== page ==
Musical Improvisation: The cut and paste method

pastescissors_PNG25Before I begin, I should offer my apologies to Gary Burton, Miles Davis, Bela Fleck, and other improvisational juggernauts since this method merely scratches the surface of improvisation. My focus is on a rather simplistic approach to improvisation that my jazzer friends may will turn their noses up to. At it’s core, improvisation is a spontaneous communication between a player and the ‘music’. The ‘music’ can consist of other players, a melody, or even the underlying chord progression. Although simplistic, I find that the ‘cut and paste’ method meets the standards of the above definition AND it is very useful for the budding improvisor.

Backstory: Some months back, I stumbled upon an eccentric Berklee Banjo professor named Lauck Benson in Cambridge, Massachusetts. We spoke about a myriad of technical and theoretical topics but two of the nuggets particularly interested me.

1. There are A TON of ways to play 4 open notes on a stringed instrument without repeating a string in succession. Lauck has spent considerable time uncovering all the combinations. At an earlier time he even crashed a computer program with an algorithm simulating the possibilities of different types of open stringed rolls.

2. How does banjo player, Bill Keith work on improvisation?  He takes a lick or phrase and cuts it in half, then cuts it in half again, then puts the pieces together again in a different order. The result? A spontaneous new creation!

I couldn’t stop thinking about the possibilities. Like Lauck before me, I crunched some numbers found that the possible variations for a simple 8 bar break are so numerous that it would be impossible to memorize them all. I started writing ideas out on paper to get a grasp on all of this and want to share my findings with you.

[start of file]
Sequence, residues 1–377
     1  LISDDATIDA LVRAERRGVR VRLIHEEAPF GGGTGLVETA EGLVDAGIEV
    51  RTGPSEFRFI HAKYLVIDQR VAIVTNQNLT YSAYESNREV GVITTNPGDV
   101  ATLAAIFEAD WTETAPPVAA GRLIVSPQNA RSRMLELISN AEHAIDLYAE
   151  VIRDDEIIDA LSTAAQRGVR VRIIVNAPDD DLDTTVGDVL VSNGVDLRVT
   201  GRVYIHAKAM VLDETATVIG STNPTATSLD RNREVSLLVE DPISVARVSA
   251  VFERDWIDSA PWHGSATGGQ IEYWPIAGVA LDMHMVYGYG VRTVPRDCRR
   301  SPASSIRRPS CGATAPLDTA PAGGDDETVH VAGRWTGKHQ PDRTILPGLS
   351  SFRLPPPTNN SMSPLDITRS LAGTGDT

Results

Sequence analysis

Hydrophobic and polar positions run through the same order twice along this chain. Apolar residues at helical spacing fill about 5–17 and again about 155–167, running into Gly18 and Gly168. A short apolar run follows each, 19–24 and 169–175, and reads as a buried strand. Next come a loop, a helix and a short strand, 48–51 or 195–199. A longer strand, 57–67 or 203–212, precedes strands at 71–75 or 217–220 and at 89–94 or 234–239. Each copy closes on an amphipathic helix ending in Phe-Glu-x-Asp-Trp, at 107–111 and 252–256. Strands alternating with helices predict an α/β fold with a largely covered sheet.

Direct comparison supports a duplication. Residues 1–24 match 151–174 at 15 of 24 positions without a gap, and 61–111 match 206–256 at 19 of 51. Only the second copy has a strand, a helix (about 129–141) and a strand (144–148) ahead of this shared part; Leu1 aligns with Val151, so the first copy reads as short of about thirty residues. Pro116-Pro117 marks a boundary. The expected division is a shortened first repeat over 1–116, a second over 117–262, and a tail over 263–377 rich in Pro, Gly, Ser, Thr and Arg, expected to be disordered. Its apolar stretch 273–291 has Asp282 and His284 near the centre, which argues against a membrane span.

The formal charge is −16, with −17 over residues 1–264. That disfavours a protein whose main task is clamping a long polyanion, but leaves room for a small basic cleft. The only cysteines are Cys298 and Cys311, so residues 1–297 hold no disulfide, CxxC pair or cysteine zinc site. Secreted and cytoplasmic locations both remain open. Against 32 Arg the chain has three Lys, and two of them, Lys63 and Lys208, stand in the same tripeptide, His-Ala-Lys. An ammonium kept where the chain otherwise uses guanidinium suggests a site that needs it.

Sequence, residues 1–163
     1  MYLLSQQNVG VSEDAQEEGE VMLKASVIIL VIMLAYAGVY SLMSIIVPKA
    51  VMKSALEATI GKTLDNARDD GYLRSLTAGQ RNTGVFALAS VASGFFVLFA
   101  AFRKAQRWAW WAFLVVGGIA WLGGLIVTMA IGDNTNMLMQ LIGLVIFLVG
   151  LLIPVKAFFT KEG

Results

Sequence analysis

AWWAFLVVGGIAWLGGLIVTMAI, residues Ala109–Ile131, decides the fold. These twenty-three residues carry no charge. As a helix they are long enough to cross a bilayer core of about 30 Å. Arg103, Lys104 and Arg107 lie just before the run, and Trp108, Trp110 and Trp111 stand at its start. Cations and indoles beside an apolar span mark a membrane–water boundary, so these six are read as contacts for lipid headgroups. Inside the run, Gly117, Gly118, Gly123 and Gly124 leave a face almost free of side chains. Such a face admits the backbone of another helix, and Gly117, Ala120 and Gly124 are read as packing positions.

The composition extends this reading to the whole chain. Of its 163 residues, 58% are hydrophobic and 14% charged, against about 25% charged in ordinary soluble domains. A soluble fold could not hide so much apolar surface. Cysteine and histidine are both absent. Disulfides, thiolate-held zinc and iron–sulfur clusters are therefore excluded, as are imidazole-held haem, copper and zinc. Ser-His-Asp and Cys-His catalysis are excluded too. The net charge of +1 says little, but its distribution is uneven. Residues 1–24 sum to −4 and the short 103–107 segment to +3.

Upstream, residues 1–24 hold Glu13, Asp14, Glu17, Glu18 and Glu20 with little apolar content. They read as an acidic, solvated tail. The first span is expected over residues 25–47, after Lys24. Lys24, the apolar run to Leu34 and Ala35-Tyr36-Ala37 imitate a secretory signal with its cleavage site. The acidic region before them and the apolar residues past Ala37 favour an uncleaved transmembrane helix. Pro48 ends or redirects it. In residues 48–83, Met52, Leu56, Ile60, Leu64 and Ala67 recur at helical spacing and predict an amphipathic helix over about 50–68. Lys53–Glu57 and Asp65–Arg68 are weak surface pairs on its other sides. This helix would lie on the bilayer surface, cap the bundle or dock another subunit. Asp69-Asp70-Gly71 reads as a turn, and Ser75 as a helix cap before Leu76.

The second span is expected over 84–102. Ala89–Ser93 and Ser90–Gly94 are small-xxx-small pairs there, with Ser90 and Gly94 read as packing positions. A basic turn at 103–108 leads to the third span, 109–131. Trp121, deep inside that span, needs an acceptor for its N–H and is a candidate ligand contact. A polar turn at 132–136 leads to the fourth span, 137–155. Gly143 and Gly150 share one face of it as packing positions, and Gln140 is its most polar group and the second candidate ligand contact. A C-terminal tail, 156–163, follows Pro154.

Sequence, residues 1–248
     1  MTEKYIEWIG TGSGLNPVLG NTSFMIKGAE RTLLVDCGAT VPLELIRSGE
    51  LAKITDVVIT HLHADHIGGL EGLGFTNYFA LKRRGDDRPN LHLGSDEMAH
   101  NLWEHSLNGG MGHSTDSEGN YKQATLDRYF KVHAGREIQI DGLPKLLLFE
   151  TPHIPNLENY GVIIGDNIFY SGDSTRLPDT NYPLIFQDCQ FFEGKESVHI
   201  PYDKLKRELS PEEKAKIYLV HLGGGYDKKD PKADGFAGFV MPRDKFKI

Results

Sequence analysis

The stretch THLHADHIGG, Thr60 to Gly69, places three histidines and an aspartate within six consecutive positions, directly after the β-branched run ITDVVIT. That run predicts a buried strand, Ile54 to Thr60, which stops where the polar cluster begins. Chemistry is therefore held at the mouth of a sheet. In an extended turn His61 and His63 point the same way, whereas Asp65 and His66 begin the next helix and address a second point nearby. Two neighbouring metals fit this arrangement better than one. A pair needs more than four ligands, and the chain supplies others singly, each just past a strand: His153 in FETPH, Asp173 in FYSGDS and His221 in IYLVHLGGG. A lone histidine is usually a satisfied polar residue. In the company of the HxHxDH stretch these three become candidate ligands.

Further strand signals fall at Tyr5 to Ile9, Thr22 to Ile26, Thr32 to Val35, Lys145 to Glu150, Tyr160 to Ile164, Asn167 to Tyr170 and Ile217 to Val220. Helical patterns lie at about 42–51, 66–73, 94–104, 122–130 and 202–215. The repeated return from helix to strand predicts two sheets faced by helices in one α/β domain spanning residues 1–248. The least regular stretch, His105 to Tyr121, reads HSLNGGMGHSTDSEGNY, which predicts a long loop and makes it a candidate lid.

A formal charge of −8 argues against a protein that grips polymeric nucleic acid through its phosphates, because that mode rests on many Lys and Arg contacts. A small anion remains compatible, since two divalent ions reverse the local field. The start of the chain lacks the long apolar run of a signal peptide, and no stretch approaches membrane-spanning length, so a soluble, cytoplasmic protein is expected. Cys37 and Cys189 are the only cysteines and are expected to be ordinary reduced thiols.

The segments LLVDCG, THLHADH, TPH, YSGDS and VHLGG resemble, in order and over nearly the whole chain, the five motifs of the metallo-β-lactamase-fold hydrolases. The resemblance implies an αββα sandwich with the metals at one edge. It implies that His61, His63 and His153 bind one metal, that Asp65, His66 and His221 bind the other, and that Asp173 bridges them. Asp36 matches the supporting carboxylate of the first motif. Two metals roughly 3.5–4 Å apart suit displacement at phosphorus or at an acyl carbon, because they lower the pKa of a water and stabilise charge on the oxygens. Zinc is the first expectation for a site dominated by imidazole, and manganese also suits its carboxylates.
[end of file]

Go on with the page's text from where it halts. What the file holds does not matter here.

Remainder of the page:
(Editors Note: Many have taught this method and written about it. This post is simply a reflection of my own journey)

Project time: Just how many ways we can play one simple song?

The tune we will use is a standard fiddle tune called Bill Cheatham. This version is from Michael Corcoran and can be found in it’s entirety here. The first section is 8 measures long and it is played 2X in a row before the song moves on. Below are 2 variations (breaks) for the first section of Bill Cheatham (tab is for Banjo gDGBD)…

Picture 3

Now, when we play each 8 measure chunk in succession, it sounds great, right?

While it sounds great as is, you may want to alter the tune on the fly so that you have a unique break every time you get back to the first section. Variation can keep your sound fresh and interesting and will of course stretch your mind when you spontaneously do it in real-time. So, how do we alter the tune?

As the title of this blog suggests, we will cut and paste. Below, I cut each break into 2 equal parts, each containing 4 measures…Picture 4

Taking these ‘cuts’ you can now ‘paste’ them back together in 4 different ways.

1.    A1 – A2

2.   A1 – B2

3.   B1 – A2

4.   B1 – B2

Sounds awesome and it might keep you sounding fresh for a few breaks but we can go MUCH farther when we split the breaks into smaller chunks (2 measures, 1 measure, 1/2 measure, etc.)

Picture 5

The number of possibilities goes up exponentially the smaller the chunks get. For example, when splitting into 2 measure chunks, we suddenly have 16 possible ways to play the tune (each letter is a 2 measure chunk, played left to right)






When splitting into 1 measure chunks…

256 possibilities!!

1/2 measure chunks…..

65,536 possibilities!!!!

Got it?

When breaking music down mathematically like this I am reminded of how limitless our musical choices really are. My friend Lauck from the beginning of this post told me that Tony Trischka is down to thinking in 2 note chunks when he improvises. Freaky stuff, right?

Here is a clip of a few different variations so you can get the gist of how it works in action…

Break #1 – ABAABABB

Break #2 – BABBABBA

Happy improvising!!!



Leave a Reply

Fill in your details below or click an icon to log in: Logo

You are commenting using your account. Log Out /  Change )

Google+ photo

You are commenting using your Google+ account. Log Out /  Change )

Twitter picture

You are commenting using your Twitter account. Log Out /  Change )

Facebook photo

You are commenting using your Facebook account. Log Out /  Change )


Connecting to %s